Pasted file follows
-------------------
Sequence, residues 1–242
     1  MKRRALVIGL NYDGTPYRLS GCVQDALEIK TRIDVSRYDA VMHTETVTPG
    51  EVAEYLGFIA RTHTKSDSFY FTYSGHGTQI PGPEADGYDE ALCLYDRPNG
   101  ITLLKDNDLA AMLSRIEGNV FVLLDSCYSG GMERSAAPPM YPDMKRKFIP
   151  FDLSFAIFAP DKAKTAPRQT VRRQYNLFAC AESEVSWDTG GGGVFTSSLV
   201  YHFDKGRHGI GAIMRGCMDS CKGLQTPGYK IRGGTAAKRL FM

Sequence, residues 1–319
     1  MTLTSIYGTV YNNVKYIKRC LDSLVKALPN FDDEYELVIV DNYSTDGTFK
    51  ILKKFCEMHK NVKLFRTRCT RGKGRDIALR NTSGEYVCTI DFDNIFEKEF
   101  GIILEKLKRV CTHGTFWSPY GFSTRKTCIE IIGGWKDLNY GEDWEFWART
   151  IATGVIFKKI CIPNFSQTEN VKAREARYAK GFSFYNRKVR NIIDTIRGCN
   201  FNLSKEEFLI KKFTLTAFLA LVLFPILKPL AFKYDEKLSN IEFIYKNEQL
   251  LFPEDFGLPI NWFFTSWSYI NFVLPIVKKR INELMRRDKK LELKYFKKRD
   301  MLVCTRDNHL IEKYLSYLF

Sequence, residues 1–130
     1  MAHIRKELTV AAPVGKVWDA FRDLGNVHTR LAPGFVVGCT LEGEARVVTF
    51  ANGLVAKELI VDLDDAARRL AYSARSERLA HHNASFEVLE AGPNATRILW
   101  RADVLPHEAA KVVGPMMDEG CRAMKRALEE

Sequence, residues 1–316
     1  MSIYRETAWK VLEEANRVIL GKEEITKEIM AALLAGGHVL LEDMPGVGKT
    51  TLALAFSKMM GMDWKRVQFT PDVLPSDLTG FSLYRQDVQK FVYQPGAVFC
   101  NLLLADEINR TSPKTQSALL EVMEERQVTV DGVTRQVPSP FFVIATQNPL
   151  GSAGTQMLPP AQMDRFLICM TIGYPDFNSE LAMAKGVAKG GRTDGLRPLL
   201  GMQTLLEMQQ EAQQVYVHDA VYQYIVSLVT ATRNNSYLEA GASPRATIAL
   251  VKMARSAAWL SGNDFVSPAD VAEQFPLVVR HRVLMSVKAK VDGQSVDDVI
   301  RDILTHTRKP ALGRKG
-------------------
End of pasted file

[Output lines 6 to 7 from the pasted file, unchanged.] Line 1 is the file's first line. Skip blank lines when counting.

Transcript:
   201  YHFDKGRHGI GAIMRGCMDS CKGLQTPGYK IRGGTAAKRL FM

Sequence, residues 1–319